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4. DeAngelo Russell, Los Angeles, 2nd pick: D’Angelo Russell is the most polished scorer in the draft. He played a combo guard in college, but he has the handle and the vision to play point guard in the NBA. That ball handling will serve him well in the league. He has a low dribble and uses hesitations and a myriad of crossovers to get by defenders. He uses that low dribble with long arms and legs, gets defenders on his hip, and then sets them up for the shot that he wants whether that be a pull-up jumper or a contested layup. Russell is athletic, but does not seem extremely explosive. He is a cerebral player with a good first step who moves with a purpose. He uses pace and poise and knows how to score the basketball. At Ohio State, he converted shots off the dribble on pull-ups, made floaters, finished in traffic at the rim, and hit open jumpers. He scored from long range, mid-range, and in the paint, and he has great touch on a soft shot. Russell is extremely left handed, though he occasionally finishes with the right. That could be exposed at the next level. He is a good passer with good vision and an understanding of movement. He should be a good pro.

Reminds Me Of: Anfernee Hardaway

 

3. Justise Winslow, Miami Heat, 9th pick: Justise Winslow is a gamer. He played his best basketball at the highest stage that he has competed at the NCAA tournament. Winslow has good NBA athleticism and size even as a freshman at 6’7″ and 220 lbs. He has a NBA pedigree and a good understanding of the game. Winslow is already a talented slasher and spot up shooter, but he needs more consistency on his ball-handling and pull-up jumper. He can struggle to create his own shot because of his slight deficiencies handling the basketball, however he is excellent at attacking closeouts off a pump fake. Winslow is good at the rim, but he is very left-handed in traffic. He rarely finishes with his right hand in the paint, but does use it when driving right. Justise Winslow is a great athlete, but not elite. Winslow has the potential to be a NBA All-Star.

Reminds Me Of: Every athletic Duke wing that has went to the league, except Grant Hill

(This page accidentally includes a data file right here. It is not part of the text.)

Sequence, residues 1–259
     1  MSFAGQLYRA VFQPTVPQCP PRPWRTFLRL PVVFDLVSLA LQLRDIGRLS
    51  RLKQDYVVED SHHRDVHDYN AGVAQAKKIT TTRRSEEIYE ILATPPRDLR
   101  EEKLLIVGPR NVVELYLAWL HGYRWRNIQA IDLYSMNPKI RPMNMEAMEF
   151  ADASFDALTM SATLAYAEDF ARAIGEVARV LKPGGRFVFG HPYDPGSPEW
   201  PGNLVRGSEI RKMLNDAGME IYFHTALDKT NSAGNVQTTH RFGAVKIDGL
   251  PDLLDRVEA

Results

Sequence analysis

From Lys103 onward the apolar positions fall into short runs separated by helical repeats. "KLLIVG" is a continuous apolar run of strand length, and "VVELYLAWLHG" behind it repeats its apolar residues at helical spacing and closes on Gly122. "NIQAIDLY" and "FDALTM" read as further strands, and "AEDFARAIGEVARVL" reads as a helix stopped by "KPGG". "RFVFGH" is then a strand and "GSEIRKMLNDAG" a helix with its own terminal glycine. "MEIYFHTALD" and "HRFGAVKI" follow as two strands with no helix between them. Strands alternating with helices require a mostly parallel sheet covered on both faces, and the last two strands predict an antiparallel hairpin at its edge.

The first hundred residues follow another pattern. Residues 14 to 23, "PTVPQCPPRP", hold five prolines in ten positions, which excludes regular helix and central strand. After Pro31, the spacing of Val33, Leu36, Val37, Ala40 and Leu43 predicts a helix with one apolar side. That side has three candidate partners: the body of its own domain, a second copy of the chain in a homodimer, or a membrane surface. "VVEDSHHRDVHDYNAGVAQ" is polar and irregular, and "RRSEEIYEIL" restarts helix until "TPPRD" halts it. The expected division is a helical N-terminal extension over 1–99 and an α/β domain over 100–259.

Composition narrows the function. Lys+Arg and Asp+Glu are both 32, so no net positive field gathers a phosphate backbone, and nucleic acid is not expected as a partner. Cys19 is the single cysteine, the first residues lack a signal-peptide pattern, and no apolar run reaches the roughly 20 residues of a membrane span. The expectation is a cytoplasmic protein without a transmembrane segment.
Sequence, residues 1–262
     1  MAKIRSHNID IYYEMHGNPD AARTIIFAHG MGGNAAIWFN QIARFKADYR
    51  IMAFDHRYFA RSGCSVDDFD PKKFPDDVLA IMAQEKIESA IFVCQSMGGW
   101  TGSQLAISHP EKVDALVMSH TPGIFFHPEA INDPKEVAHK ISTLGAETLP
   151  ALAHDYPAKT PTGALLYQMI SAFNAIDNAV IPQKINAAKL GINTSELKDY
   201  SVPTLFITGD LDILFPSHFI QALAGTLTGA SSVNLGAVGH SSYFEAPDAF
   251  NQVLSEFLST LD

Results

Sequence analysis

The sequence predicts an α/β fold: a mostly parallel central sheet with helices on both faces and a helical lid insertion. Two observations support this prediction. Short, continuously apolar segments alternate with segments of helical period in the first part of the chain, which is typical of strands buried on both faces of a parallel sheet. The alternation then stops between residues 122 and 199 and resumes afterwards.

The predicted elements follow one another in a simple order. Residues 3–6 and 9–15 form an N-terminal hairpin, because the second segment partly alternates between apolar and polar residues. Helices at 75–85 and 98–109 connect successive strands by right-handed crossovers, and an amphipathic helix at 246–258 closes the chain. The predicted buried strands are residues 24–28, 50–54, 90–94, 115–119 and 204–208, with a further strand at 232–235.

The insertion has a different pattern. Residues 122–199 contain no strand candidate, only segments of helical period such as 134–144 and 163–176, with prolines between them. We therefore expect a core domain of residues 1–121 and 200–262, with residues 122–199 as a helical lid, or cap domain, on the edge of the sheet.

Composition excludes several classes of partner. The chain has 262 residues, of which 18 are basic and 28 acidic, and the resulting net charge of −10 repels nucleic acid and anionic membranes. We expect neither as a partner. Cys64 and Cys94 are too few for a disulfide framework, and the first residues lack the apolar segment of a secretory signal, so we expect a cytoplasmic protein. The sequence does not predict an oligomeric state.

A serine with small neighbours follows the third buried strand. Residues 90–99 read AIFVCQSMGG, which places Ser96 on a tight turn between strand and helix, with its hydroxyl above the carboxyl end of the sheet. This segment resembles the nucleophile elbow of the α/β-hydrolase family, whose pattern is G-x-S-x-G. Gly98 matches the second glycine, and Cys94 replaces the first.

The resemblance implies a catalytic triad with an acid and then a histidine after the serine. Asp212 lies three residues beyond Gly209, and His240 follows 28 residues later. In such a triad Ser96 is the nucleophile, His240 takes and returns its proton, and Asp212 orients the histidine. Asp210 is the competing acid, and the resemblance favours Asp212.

2. Jahlil Okafor, Philadelphia, 3rd pick: Okafor is the best post player in college basketball. Okafor averaged 17.3 points and 8.6 rebounds per game on 66.4% field goal percentage. He is extremely polished on the offensive end, especially when you consider that he is only a freshman. He has exceptional footwork in the post, a decent hook shot that sets up all his counters under the rim, and a NBA body that he uses to his advantage. He can overpower players at the rim, but has the footwork and basketball IQ to play finesse basketball too. He gets deep positioning, uses pump fakes and ball fakes well, and has a well-developed spin move. Okafor is extremely polished on the offensive side of the basketball. Though he is not super explosive, he is very quick on his feet with a 6’11″, 270 lbs. frame, a 7’5″ wingspan, and gigantic, soft hands. But, he seems unenthused on the defensive side of the ball at times. With his frame, he should dominate both sides of the court, but he is often out of place on pick and rolls, he only blocks 1.4 shots per game, and he gets less rebounds than his size and skill predicate he should have. There have been questions about his conditioning and his motor, however most of those questions were answered at Duke. If he continues to improve, he could be a perennial All-Star in the league. Okafor will be an NBA starter.

Reminds Me Of: Less impactful Tim Duncan

 

1. Karl Anthony-Towns, Minnesota, 1st pick: Karl Anthony-Towns has the best combination of physical talent and developed basketball skill in the 2015 draft. At 6’11, Anthony-Towns is super-athletic, long-armed, and more explosive than any other player who elected to jump to the NBA ranks except his teammate Willy Cauley-Stein. He has a fairly developed post game, good touch on his shot, great shot blocking instincts, and a larger upside than almost anyone in the draft. Karl Anthony-Towns should be the first player taken in the NBA draft this year. His drop-step was unstoppable at the college level in traffic. He has a solid jump hook over the right shoulder, but can finish that shot with either hand and has the early workings of countermoves with his back to the basket. Anthony-Town’s footwork on the block is decent, but not exceptional, and that translates over to the defensive side of the basketball too. He gets a lot of blocks because of length, timing, and positioning. And, with more practice on footwork and timing, Karl Anthony-Towns could dominate at the next level. If his post moves improve over the course of his NBA career and he gets a little more consistency on his jumper, he could be a perennial All-Star in the NBA.

Reminds Me Of: A stronger, more impactful Eddie Griffinbasketball - karl-anthony towns13